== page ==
The first novel of Phillip Pullman's His Dark Materials trilogy is "set in a universe like ours, but different in many ways." That is, there are plenty of familiar landmarks -- there's a city of London, an Oxford University, and also some Scandinavian countries and a Texas. Yet it's not the same. In some ways, the clothes and mannerisms of the characters seem a throwback to the Victorian era in our own world, but that's not quite right either. The technology is off -- e.g. there are airships and electric (what Pullman calls anbaric) lights, but no silent films or streetcars.
I bring this up because I think it's helpful to think of the novels of Ayn Rand as set in a universe that's like ours, but different in many ways. As in Pullman's imaginary world, there are geographic landmarks common to both worlds -- New York City; Colorado; Washington, D.C. Yet again, the technology presented doesn't seem to fit neatly into any particular historical era; it's in some ways too modern to fit in the world of the 1940s or 50s, when Rand was writing, yet it doesn't seem quite right as futurist dystopia either. And, once you accept the "universe that's like ours, but different in many ways" starting premise, it gets easier to live with some of the goofiness that Rand's critics have long lamented. You can just sit back and enjoy her stylized universe for what it is.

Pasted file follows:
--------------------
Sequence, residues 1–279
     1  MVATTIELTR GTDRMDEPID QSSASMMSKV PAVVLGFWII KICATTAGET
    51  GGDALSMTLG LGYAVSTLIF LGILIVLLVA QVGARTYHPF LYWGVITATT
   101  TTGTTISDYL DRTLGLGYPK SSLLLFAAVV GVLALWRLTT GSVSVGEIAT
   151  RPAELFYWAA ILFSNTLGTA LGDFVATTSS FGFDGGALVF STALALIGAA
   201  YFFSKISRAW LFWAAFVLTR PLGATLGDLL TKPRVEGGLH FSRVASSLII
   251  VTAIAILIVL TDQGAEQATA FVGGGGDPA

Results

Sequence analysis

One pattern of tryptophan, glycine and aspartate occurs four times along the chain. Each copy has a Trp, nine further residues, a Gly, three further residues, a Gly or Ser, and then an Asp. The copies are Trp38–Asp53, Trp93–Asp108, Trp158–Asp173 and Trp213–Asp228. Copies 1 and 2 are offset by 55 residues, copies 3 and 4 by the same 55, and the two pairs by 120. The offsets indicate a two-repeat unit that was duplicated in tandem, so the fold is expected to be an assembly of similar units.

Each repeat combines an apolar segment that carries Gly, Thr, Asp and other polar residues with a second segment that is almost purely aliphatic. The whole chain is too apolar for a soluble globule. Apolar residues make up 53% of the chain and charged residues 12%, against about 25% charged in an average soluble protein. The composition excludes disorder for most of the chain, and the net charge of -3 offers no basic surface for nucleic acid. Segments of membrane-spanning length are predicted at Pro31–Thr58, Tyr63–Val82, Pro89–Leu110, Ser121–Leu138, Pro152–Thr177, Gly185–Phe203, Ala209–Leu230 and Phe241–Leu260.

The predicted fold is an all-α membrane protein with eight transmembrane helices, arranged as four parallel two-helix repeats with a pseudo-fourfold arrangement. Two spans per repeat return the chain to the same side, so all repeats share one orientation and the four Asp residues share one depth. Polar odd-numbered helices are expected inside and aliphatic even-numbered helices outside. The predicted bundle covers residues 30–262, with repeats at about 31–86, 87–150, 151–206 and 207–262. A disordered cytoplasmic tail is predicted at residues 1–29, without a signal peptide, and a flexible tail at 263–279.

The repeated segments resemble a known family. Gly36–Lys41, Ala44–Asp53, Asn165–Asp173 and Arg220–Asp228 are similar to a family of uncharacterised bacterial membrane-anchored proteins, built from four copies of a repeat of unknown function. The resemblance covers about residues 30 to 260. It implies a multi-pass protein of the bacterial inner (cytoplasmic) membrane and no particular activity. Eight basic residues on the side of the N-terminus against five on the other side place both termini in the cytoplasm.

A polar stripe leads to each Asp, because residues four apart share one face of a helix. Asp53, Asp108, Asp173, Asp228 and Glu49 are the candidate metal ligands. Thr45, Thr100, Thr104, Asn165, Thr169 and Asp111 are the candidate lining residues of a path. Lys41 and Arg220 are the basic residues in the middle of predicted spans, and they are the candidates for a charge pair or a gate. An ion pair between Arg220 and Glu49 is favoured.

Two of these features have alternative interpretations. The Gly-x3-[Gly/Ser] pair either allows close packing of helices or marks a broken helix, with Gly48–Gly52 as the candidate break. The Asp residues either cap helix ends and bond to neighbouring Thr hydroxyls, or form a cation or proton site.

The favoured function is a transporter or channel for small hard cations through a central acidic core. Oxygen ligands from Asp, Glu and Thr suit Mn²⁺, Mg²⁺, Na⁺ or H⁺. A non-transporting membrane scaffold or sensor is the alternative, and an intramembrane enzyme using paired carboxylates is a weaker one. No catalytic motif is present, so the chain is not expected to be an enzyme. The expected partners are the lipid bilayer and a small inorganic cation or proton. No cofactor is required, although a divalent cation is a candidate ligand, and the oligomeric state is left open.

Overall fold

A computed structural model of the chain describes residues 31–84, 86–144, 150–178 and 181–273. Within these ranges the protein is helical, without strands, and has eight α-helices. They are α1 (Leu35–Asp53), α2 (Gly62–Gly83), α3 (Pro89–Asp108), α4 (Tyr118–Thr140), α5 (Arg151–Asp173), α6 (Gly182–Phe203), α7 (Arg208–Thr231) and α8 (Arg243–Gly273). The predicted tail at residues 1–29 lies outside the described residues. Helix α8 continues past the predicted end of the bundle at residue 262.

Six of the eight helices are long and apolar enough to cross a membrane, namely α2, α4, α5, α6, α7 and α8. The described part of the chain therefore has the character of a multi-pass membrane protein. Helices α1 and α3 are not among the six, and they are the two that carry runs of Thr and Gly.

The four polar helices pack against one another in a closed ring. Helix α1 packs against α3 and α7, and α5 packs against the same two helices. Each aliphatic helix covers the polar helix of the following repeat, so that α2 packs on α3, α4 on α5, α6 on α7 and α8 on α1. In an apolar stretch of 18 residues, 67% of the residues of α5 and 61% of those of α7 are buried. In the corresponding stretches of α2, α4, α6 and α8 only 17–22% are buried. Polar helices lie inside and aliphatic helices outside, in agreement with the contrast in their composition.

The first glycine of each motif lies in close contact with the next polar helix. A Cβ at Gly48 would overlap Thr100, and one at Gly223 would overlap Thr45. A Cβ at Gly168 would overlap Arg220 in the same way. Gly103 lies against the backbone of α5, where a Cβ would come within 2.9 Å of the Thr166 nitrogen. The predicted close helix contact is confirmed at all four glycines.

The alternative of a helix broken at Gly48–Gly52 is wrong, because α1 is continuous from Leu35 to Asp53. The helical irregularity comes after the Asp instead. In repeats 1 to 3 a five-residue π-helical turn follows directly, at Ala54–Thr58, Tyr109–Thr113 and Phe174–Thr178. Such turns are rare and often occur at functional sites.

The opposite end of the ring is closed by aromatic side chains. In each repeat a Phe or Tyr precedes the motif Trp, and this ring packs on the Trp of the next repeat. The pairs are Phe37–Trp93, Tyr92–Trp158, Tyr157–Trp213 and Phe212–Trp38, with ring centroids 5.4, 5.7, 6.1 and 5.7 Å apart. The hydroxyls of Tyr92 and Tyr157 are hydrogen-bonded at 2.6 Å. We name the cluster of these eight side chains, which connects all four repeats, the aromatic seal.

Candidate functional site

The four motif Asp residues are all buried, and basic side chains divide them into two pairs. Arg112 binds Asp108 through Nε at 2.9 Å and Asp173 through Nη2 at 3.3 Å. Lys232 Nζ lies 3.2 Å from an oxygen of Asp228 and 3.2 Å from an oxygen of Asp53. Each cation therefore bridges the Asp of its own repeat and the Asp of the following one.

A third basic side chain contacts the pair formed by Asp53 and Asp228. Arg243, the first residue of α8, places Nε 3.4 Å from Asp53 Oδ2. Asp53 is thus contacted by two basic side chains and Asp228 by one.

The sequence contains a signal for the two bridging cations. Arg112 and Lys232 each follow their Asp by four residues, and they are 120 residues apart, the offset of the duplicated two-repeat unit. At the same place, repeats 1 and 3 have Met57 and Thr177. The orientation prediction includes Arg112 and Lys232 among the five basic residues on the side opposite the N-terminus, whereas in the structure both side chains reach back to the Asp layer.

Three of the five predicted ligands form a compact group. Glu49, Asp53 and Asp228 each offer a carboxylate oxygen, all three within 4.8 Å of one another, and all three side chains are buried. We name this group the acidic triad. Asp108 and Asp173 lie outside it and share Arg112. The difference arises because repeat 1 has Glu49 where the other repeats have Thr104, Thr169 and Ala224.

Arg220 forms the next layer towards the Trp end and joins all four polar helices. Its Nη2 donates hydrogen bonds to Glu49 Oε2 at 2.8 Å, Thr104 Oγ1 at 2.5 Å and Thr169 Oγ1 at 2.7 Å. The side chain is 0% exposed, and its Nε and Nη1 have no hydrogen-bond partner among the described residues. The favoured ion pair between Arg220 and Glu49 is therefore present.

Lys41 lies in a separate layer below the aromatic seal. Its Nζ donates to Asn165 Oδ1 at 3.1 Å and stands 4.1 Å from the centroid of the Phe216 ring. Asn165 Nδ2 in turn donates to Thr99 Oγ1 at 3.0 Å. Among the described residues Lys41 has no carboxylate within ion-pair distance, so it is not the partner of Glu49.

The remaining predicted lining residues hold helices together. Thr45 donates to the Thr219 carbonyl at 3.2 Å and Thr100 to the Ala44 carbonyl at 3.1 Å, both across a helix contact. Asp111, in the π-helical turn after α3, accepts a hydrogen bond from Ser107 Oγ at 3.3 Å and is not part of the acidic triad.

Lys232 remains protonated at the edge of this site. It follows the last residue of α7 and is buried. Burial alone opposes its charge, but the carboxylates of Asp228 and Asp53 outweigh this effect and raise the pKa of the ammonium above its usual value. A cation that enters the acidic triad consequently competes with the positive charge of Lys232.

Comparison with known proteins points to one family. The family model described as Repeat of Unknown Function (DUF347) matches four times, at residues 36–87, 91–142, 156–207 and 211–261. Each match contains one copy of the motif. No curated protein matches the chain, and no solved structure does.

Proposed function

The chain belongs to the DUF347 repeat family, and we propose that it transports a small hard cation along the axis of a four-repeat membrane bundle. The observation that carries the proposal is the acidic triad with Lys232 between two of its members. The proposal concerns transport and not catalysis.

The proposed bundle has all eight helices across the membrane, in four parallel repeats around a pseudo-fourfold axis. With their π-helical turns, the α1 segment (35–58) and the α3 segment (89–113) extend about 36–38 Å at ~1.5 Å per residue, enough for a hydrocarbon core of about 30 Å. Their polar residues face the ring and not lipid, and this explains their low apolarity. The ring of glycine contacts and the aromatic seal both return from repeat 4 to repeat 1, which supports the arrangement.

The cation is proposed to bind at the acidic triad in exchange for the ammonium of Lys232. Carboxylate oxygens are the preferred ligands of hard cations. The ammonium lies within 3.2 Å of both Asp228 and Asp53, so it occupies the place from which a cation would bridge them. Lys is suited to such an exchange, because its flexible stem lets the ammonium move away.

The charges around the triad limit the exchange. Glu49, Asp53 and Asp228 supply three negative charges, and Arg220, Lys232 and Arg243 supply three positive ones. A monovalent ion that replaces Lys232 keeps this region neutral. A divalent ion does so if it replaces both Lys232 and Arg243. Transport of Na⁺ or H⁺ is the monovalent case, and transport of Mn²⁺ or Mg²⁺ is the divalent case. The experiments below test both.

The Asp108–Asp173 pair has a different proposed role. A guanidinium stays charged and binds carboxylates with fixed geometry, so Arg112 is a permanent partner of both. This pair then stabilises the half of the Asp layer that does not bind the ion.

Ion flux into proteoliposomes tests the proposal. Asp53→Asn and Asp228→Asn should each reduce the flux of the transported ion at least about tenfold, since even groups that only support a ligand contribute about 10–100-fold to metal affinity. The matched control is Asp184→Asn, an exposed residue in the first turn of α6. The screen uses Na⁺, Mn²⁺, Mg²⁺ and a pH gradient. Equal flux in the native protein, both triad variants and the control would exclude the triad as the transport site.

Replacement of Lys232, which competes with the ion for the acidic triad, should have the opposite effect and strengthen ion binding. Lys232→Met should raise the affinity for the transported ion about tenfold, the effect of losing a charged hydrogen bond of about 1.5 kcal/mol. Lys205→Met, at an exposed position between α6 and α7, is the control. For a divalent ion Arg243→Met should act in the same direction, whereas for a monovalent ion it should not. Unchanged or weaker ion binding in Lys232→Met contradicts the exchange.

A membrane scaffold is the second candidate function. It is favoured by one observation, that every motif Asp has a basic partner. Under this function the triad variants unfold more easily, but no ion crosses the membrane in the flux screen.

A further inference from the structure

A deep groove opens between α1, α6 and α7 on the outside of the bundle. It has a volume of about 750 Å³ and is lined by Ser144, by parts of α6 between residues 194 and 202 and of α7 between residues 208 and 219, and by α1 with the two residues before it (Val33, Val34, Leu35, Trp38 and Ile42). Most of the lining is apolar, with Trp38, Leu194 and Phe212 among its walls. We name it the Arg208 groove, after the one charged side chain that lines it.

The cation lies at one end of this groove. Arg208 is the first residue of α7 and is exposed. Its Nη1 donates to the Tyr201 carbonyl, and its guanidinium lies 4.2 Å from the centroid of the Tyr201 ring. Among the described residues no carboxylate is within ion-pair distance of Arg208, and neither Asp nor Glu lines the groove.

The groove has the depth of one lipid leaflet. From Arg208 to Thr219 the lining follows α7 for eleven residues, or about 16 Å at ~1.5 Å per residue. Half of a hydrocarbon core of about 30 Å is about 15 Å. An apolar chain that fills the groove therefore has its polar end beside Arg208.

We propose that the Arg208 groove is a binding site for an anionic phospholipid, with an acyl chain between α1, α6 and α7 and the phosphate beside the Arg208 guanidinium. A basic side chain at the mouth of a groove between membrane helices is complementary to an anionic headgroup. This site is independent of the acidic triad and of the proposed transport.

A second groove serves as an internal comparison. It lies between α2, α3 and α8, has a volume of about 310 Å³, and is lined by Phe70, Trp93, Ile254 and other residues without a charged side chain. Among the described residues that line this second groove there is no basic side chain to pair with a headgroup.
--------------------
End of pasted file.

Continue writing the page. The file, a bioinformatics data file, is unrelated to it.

Given all this, I share Tyler Cowen's misgivings about the aesthetics of the new Atlas Shrugged movie. It is probably not good that I imagined this thing as film in my head about a dozen times as teenager. But you can watch the trailer below and judge for yourself. Finally, but see the reactions of Barbara Branden.